Analysis Of Indian FMCG Industry – Investment Perspective
Security Analysis & Portfolio Management Project
(Under guidance of Prof.PritamShekade)
Ashish Kumar, Malla Bhaskar, Nilesh Narayanan, Rahul Prakash
FMCG Industry Overview ........................................................................................................................ 3 Structure and Characteristic of FMCG Industry ...................................................................................... 5 FMCG Sector Key Drivers ........................................................................................................................ 6 PEST Analysis ........................................................................................................................................... 8 FMCG Sector Sensitivity to Business Cycle ............................................................................................. 9 BSE and BSE FMCG Index ...................................................................................................................... 10 Porter’s Five Force Model Analysis ....................................................................................................... 14 SWOT Analysis....................................................................................................................................... 15 Indian Attractiveness ............................................................................................................................ 16 Prospect & Outlook ............................................................................................................................... 17 Sources .................................................................................................................................................. 19
FMCG Industry Overview
Products which have a quick turnover, and relatively low cost are known as Fast Moving Consumer Goods (FMCG). FMCG products are those that get replaced within a year. Examples include a wide range of frequently purchased consumer products such as toiletries, soap, cosmetics, tooth cleaning products and detergents, as well as other non-durables such as glassware, bulbs, batteries, paper products, and plastic goods. India’s FMCG sector is the fourth largest sector in the economy and creates employment for more than three million people in downstream activities and 14 million in total. The sub sectors of FMCG sector are Household Care, Personal Care and Food & Beverages. On the basis of price, FMCG goods are divided into three segments- low priced, mid-priced/ mass or popular and high-priced/ premium end. Typically the lower segments of the market drive volumes. The premium segment is less price-sensitive and more brand conscious. The total FMCG market is in excess of $ 28 billion. FMCG sector is growing at double digit growth rate of 15.4 per cent and is expected to maintain a high growth rate. FMCG is characterized by a well-established distribution network, low penetration levels, low operating cost, lower per capita consumption and intense competition between the organized and unorganized segments. Unlike other sectors, the FMCG industry did not slow down during recent recession. As it is meeting the every-day demands of consumers, it will continue to grow. Market share movements indicate that companies such as Marico Ltd and Nestle India Ltd, with domination in their key categories, have improved their market shares and outperformed peers in the FMCG sector. This has been also aided by the lack of competition in the respective categories. Single product leaders such as Colgate Palmolive India Ltd and Britannia Industries Ltd have also witnessed strength in their respective categories, aided by innovations and strong distribution. Strong players in the economy segment like Godrej Consumer Products Ltd in soaps and Dabur in toothpastes have also posted market share improvement, with revived growth in semi-urban and rural markets.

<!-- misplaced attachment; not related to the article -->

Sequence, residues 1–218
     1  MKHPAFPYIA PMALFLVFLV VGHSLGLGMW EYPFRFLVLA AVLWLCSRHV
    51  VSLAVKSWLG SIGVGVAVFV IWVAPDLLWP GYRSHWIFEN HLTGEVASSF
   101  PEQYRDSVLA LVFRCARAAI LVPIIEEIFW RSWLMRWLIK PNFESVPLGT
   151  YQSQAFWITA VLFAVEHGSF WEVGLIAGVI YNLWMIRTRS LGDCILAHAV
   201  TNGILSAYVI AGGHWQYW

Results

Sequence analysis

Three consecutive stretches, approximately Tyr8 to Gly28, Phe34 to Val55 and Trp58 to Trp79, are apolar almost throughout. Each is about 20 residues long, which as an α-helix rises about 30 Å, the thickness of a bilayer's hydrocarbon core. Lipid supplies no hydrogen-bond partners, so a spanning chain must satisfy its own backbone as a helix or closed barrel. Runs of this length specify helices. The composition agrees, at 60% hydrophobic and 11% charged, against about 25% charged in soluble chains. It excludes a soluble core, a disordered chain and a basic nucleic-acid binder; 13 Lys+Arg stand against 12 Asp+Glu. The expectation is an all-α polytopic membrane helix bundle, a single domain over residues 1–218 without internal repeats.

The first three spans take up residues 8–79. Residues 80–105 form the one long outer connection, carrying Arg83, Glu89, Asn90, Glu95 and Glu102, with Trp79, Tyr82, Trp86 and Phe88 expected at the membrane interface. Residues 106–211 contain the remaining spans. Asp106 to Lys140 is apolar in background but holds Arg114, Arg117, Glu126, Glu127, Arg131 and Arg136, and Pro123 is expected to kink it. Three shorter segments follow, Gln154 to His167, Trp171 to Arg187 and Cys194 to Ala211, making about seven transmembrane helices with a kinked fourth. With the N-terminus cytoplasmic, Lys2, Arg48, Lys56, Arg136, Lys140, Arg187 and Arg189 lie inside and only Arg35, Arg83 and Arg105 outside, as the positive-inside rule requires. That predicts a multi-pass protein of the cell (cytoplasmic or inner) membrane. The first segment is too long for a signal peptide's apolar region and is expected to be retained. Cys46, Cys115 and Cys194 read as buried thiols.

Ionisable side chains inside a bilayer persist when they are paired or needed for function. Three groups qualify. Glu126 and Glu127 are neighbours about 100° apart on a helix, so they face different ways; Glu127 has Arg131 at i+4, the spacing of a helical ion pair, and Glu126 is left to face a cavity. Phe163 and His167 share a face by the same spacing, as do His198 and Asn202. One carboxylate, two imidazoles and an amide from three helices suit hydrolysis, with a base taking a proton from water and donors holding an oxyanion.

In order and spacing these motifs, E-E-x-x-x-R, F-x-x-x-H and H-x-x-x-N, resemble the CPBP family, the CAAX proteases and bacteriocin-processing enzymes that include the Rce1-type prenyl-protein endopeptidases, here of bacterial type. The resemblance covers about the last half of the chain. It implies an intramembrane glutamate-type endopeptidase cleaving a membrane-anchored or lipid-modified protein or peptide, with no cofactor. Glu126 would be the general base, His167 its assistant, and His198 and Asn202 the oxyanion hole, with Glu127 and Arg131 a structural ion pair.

Major Segments Of The FMCG Industry
Household Lighting Care 2% 10% Tobacco 15% Food and Beverages 53% Personal Care 20%